Mark Zuckerman of CSNWashington.com reports that the Nationals have acquired outfielder David DeJesus from the Cubs for a player to be named later.
Washington is 60-63 and 9.5 games out of a playoff spot, so the pickup obviously isn’t for this season. DeJesus’ contract includes a $6.5 million team option (or $1.5 million buyout) for next year, which isn’t a crazy price to pay for a decent regular like DeJesus, but the Nationals already have Bryce Harper, Jayson Werth, and Denard Span seemingly locked in as their 2014 outfield.
DeJesus is a left-handed hitter, so he doesn’t really fit as a platoon partner for Span, and $6.5 million would be awfully expensive for a fourth outfielder. Since signing a two-year, $10 million deal with the Cubs last offseason the 33-year-old DeJesus has hit .258 with 15 homers and a .746 OPS in 232 games while seeing time in all three outfield spots.
To make room for DeJesus’ arrival the Nationals released Roger Bernadina, who had been serving as their left-handed-hitting fourth outfielder. He’s hit just .178 in 85 games this season, but came into the year as a career .252 hitter with a .692 OPS.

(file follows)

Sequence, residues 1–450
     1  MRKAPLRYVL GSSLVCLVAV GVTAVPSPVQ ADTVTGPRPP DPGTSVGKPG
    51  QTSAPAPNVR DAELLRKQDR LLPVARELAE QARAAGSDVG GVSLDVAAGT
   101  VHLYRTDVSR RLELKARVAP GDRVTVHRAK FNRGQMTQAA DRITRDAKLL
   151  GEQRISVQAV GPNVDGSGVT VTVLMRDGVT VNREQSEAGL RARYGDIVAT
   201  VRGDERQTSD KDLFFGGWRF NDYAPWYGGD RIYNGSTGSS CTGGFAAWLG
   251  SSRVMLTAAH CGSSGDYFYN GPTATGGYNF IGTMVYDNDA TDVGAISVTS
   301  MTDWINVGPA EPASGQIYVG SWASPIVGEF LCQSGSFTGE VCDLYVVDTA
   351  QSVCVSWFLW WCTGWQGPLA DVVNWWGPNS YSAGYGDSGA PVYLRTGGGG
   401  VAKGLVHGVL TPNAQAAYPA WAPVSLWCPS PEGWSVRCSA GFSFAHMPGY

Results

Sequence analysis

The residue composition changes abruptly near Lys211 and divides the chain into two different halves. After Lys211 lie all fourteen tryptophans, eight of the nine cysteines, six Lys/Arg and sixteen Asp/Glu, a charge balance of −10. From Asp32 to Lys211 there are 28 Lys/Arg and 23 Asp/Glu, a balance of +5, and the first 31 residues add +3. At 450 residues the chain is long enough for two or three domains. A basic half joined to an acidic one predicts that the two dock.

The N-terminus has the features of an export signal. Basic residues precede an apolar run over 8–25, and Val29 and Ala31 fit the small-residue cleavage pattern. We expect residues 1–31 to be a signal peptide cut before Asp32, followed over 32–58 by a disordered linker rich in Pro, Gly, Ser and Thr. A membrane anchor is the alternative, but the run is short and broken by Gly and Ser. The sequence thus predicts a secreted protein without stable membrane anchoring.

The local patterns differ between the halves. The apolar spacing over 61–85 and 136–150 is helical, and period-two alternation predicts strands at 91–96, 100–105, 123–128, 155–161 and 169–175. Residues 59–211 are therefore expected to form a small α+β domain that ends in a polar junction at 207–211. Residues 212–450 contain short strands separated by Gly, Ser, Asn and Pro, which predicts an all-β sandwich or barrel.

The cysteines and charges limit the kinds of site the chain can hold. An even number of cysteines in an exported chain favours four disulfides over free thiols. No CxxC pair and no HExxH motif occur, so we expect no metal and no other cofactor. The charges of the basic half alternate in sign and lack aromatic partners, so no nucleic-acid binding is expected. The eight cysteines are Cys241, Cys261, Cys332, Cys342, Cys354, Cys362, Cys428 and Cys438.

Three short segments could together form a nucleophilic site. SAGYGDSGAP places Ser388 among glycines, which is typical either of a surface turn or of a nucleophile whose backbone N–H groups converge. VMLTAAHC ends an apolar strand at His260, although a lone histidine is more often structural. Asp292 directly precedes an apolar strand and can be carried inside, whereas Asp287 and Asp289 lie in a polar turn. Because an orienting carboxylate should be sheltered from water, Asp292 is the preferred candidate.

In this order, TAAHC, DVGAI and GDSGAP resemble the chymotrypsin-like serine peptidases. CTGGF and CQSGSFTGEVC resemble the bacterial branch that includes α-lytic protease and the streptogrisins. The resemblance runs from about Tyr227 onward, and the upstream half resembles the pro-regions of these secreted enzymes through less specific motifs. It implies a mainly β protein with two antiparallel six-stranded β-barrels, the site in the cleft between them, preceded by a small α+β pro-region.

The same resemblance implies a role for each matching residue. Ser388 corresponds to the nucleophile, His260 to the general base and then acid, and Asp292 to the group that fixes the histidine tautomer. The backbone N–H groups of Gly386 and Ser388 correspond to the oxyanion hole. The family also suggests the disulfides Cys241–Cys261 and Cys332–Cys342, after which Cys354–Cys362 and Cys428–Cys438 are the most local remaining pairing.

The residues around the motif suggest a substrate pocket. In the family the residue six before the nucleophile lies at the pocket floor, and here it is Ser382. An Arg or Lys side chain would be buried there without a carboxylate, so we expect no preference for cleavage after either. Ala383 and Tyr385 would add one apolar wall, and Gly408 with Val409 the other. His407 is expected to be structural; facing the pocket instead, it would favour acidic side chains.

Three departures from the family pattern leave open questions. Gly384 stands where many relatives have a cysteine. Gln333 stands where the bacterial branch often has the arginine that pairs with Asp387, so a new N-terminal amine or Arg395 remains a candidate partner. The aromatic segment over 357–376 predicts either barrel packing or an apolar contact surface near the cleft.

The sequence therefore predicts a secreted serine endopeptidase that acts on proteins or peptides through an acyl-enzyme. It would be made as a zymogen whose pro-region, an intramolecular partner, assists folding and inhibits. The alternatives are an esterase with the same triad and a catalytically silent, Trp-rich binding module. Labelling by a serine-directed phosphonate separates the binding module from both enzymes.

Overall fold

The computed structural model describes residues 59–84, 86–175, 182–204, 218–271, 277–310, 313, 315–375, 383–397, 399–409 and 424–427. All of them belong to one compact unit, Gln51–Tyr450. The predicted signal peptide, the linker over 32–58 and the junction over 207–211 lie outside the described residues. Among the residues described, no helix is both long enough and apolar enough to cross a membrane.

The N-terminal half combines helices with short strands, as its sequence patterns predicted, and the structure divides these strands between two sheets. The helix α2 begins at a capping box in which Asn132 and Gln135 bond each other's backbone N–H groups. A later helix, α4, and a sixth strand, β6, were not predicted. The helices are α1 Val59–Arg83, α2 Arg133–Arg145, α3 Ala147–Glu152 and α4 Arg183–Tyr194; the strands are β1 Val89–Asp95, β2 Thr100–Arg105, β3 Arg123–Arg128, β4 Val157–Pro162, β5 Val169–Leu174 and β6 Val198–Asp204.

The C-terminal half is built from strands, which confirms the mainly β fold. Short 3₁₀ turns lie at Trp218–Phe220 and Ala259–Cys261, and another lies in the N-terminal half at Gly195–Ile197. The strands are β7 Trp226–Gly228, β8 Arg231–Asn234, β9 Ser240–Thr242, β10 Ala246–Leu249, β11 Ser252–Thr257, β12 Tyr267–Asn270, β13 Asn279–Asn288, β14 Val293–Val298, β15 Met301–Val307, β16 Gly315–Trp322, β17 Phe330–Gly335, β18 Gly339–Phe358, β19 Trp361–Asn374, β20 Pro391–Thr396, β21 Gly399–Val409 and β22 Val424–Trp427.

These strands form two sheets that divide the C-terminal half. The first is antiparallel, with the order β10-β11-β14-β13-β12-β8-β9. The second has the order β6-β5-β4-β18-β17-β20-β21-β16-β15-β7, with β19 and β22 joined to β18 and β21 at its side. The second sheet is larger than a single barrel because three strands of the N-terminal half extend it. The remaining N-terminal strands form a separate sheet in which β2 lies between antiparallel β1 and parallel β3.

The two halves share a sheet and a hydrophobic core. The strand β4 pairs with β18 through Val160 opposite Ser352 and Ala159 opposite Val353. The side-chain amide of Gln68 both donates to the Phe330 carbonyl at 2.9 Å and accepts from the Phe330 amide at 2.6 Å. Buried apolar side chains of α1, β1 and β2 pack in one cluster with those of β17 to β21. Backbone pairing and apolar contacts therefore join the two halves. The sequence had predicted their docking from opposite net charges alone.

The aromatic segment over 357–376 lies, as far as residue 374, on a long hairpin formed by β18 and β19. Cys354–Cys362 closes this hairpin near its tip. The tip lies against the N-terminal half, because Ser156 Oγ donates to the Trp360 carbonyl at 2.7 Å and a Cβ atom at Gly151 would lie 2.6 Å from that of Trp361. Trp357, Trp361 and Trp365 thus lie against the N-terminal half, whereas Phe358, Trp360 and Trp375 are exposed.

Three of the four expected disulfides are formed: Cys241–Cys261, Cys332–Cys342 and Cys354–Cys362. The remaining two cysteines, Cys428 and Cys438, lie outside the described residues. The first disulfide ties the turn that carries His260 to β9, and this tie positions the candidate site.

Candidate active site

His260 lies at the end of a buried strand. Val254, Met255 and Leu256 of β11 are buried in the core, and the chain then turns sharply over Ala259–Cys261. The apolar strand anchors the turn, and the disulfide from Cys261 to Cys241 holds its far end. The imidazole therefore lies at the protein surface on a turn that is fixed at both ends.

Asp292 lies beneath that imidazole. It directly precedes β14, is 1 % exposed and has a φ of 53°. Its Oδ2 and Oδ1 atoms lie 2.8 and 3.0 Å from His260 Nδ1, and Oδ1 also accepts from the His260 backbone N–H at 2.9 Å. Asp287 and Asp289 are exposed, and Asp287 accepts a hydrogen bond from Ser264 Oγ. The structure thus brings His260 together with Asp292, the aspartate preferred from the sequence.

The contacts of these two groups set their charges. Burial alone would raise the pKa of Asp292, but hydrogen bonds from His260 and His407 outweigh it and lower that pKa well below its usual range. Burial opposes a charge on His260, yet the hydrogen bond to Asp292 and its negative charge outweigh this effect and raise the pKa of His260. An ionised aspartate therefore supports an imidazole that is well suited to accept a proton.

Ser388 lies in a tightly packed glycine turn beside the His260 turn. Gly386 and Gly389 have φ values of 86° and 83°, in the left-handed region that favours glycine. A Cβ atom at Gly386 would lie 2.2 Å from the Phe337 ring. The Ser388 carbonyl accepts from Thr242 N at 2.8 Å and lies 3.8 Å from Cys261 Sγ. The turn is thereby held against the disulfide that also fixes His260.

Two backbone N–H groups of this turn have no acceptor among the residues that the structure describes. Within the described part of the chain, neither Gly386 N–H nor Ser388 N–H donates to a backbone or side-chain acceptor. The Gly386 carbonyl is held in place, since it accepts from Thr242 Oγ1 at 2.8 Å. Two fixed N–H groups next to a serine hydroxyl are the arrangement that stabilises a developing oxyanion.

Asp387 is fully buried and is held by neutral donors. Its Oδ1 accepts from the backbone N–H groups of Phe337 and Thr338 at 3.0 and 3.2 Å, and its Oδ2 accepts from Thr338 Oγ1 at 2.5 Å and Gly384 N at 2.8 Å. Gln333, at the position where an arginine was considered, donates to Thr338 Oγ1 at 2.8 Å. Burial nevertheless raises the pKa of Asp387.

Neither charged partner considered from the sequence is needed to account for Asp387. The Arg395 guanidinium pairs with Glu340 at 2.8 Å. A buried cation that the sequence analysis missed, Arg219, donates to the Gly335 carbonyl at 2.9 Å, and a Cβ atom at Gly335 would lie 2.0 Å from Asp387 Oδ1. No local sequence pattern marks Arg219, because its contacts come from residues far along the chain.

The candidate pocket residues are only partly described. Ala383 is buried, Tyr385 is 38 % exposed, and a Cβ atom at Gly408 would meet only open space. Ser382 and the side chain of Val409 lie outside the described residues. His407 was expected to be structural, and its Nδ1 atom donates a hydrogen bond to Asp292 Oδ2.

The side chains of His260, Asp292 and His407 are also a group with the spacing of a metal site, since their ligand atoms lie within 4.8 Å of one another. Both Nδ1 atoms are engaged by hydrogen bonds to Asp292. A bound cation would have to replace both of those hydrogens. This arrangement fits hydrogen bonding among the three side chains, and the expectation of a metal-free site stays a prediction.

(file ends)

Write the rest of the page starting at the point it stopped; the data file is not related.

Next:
OXON HILL, MD — Bill King has been selected as the 2017 recipient of the Ford C. Frick Award, presented annually for excellence in broadcasting by the National Baseball Hall of Fame and Museum.
King, one of the iconic voices of Bay Area sports, was known for his handlebar mustache and his signature “Holy Toledo!” exclamation. King broadcast A’s games for 25 seasons, from 1981 through 2005. He likewise broadcast Oakland Raiders and Golden State Warriors games and got his start as an announcer for the Giants in the late 1950s after they moved to San Francisco.
King passed away in October 2005. With the Frick Award, however, he has now been immortalized among baseball broadcasters.
The Rockies have signed free agent outfielder/infielder Ian Desmond for five years and $70 million.
Desmond, 31, played his first season as a full-time outfielder with the Rangers in 2016. Before that he was the Nationals shortstop. He’ll almost certainly be an outfielder in Colorado, or else will play first base, as the Rockies have Trevor Story at short. Desmond hit .285/.335/.446 with 22 home runs, 86 RBI, 107 runs scored, and 21 stolen bases in 677 plate appearances, though he was much, much better in the first half than the second half.
The Rangers had placed a qualifying offer on him which he rejected, so the Rockies will have to give up their first round pick in the 2017 draft, which is 11th overall. That’s the highest pick a team can surrender under the qualifying offer system, as the first ten picks in the draft are protected.